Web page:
Waterlogging can be a challenge for any homeowner who maintains a lawn and garden. Water is the essence of life for your grass and plants, but poor drainage can create unhealthy conditions.
There are a few things you can do to prevent waterlogged soil. Trying a combination of the suggestions we offer will help you achieve better drainage and create a friendlier environment for your landscape.
What Causes Waterlogging?
Too much water is the simple reason waterlogging occurs. But any gardener will tell you that the simple answer isn't always the most helpful. A better way to explain the cause of waterlogging is to consider how your garden and lawn receive moisture.
The area in which you live plays a big role. If your neck of the woods receives a lot of rain, waterlogging is more prone to occur. It isn't just the abundance of rain that creates a problem, however. In maintaining your lawn, you also have to find that balance between watering and letting nature do its work. That can be a challenge. The tendency of some gardeners is to overwater. They think that too much water is an easy problem to fix.
Poor drainage is another common cause of waterlogging. We often give more consideration to the aesthetics of a garden than we do to its function. Knowing how the water will drain from your landscape is a must, and you should know before you plant. Try putting your ideas on paper before you jump into planting.
Preventing Too Much Water in Your Garden
A good starting point for preventing too much water in your garden is determining the best type of irrigation for your landscaping. If you use raised beds or containers, this is much easier. A well-placed soaker hose in your flower beds and consistent watering of your container plants will do the trick. In this type of garden, you can also easily observe the buildup of water before it becomes a real problem.
If you have a more extensive landscape, extra thought is required. In almost every case, you will find that hoses offer you more flexibility than expensive irrigation systems. The homeowner is best served by being able to easily control the amount of water that is being delivered. For this, there is no substitute for good hoses. Leave the fancy irrigation to the commercial applications where it is needed most.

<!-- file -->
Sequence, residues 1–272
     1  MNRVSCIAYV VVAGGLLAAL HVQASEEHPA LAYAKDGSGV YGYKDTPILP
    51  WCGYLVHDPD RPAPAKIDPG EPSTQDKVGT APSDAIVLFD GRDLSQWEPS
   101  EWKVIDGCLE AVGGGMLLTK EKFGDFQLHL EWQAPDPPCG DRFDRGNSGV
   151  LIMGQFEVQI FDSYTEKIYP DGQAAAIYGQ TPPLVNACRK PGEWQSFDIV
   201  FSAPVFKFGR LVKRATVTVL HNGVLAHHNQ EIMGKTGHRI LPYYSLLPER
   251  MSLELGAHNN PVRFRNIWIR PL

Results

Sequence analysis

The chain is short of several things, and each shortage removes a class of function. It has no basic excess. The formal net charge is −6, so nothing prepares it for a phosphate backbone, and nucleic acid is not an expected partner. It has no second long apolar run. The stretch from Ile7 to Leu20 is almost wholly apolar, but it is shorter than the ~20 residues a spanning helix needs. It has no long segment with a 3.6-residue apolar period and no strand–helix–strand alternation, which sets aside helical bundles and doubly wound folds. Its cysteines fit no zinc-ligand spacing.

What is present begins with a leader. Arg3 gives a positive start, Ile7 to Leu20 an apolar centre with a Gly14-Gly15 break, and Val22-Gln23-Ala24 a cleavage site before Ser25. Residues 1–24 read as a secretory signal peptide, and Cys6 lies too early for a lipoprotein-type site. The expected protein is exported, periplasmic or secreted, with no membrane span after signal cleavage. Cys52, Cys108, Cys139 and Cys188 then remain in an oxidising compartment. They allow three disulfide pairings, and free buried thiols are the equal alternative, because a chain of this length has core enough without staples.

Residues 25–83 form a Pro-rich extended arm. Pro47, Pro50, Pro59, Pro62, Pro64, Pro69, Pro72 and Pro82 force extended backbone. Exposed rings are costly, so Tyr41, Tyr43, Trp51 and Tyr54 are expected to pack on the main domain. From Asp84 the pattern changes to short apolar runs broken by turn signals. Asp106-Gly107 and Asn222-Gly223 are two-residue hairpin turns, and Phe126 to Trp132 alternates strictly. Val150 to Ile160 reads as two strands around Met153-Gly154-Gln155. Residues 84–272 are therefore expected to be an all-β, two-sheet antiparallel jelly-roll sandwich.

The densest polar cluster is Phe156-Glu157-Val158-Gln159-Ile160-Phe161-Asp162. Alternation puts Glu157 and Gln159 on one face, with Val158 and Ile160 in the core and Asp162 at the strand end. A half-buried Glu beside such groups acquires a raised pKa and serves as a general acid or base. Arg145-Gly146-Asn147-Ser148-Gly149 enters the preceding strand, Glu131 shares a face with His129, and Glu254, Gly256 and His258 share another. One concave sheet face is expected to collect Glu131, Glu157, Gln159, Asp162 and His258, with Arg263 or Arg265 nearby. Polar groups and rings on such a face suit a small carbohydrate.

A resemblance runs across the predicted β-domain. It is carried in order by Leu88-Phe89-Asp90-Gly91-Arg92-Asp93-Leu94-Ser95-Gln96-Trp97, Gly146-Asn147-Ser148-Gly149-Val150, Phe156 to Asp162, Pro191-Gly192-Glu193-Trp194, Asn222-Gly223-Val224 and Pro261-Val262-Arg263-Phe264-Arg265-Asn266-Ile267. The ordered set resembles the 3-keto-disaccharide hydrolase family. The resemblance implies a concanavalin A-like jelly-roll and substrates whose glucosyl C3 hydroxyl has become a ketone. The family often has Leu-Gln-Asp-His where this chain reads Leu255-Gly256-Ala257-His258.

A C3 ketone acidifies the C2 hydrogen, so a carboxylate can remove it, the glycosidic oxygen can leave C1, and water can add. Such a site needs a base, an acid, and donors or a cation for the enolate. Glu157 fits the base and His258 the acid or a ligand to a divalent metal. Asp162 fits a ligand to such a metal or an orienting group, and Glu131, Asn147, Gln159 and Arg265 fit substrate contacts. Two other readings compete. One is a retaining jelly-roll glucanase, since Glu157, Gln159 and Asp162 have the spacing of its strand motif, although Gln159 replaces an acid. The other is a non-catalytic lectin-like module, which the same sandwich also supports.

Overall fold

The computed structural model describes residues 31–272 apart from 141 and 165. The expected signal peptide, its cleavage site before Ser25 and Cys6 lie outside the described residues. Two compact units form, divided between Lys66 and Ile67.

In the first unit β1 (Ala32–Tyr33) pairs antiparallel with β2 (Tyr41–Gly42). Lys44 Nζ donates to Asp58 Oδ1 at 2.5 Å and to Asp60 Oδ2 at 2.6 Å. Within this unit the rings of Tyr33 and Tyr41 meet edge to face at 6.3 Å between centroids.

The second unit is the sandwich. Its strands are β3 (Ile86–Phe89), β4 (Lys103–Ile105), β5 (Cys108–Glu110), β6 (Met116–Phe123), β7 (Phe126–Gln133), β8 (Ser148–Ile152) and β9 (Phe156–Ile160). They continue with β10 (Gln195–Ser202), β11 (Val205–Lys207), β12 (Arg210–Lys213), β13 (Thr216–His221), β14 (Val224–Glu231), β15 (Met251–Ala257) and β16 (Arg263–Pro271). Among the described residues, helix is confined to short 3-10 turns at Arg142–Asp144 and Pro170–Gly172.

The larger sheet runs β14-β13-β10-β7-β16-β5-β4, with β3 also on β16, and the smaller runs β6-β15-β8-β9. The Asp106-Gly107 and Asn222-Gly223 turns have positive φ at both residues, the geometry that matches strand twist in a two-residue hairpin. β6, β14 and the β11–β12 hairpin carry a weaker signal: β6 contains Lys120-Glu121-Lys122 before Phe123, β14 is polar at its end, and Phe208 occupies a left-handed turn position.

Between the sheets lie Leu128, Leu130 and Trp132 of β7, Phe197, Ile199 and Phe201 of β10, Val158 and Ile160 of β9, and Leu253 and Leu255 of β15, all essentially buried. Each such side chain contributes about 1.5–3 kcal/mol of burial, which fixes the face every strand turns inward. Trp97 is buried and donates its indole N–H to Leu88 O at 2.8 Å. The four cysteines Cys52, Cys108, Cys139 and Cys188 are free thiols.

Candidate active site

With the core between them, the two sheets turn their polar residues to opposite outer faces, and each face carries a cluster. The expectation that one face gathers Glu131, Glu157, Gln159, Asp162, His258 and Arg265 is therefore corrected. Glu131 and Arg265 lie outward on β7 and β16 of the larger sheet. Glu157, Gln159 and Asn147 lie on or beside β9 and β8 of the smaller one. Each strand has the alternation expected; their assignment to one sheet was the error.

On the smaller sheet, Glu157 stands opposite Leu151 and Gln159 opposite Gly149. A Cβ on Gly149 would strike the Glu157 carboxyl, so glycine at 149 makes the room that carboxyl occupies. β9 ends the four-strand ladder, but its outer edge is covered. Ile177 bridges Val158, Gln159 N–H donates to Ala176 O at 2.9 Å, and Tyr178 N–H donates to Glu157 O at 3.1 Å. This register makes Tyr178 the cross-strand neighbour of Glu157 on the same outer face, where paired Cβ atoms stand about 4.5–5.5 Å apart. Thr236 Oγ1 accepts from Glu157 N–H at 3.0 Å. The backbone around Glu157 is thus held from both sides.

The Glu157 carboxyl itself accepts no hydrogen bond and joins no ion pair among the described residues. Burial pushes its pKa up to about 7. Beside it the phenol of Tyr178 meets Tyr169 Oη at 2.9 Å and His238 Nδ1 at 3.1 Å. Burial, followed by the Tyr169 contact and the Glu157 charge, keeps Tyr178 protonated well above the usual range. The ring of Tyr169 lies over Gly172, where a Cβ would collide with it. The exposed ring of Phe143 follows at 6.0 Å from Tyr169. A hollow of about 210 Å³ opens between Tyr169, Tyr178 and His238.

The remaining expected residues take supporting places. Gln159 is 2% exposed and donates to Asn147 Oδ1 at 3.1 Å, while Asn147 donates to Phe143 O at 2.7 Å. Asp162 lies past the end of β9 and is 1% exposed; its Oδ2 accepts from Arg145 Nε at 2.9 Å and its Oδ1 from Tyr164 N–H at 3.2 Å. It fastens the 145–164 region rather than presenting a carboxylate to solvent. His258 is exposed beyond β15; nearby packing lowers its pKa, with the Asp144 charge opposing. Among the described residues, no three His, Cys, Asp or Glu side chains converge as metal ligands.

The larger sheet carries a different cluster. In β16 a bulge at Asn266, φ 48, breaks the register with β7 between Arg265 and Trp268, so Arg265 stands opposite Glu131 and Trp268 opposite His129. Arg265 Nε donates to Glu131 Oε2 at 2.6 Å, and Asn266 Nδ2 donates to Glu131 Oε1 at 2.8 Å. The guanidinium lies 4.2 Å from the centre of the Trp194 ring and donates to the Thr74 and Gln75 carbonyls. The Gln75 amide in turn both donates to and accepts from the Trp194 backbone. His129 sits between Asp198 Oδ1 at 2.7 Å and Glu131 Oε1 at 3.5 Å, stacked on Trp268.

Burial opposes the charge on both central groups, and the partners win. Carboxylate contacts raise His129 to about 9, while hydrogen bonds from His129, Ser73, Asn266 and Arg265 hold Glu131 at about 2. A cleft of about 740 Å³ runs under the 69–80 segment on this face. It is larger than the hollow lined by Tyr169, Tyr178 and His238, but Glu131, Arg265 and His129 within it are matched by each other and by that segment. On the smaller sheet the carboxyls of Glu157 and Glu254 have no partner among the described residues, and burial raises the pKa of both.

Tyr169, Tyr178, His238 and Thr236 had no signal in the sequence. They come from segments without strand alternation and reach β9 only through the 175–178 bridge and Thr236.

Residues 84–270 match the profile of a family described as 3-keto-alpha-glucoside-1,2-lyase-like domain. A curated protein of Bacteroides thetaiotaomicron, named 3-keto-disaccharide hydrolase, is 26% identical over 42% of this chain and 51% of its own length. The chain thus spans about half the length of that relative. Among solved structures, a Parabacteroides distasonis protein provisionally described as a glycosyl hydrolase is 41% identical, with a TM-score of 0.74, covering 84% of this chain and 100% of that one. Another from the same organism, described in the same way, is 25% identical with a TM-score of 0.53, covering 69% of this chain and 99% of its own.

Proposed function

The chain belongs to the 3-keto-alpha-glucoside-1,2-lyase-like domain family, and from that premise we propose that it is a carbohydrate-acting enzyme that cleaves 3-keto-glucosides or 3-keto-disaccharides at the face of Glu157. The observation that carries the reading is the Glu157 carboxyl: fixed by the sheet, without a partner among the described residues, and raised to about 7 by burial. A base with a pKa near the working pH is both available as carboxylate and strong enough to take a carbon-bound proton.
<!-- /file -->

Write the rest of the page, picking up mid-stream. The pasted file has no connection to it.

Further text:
You should also invest time in plant selection. If you are gardening in an area that will hold lots of water, choose plants that are going to require more of it. The type of mulch you select is also crucial. You want something that allows the soil to maintain a little bit of springiness.
Over-mulching will make it harder for water to disperse. You can also think about using attractive elements such as rain barrels to collect and direct excess water.
Fixing a Waterlogged Garden
If waterlogging occurs despite your efforts to prevent it, don't despair. There are actually a few things you can do to repair waterlogged soil.
Organic matter, such as leaf mold or manure, added to the soil will help absorb moisture from your garden. At the same time, it provides valuable, rich nutrients that will keep working for your plants in the off-season.
Consider areas that include the use of raised flower beds. Not only are these structures easier to maintain, they also offer endless creative opportunities. You can use raised beds to create beautiful patterns and flows that enhance the visual appeal of your lawn while reducing the chance of waterlogging.
Those who use containers will want to keep those containers off the ground. Most containers today have built-in drainage that will prevent too much water in the container, but the runoff around the base of the container can be a problem. Elevate your containers to aid with water absorption and evaporation.
Finally, you can use stones and other path markers to help direct water. Sometimes the simple fix for waterlogging is redirecting how the water moves throughout your garden. Naturally direct it toward those areas where it can be better absorbed or run off.
Waterlogging is an issue that can be avoided with a little forethought. Take the time to plan for healthy irrigation before you create your outdoor paradise.
For more general watering information, read the following articles: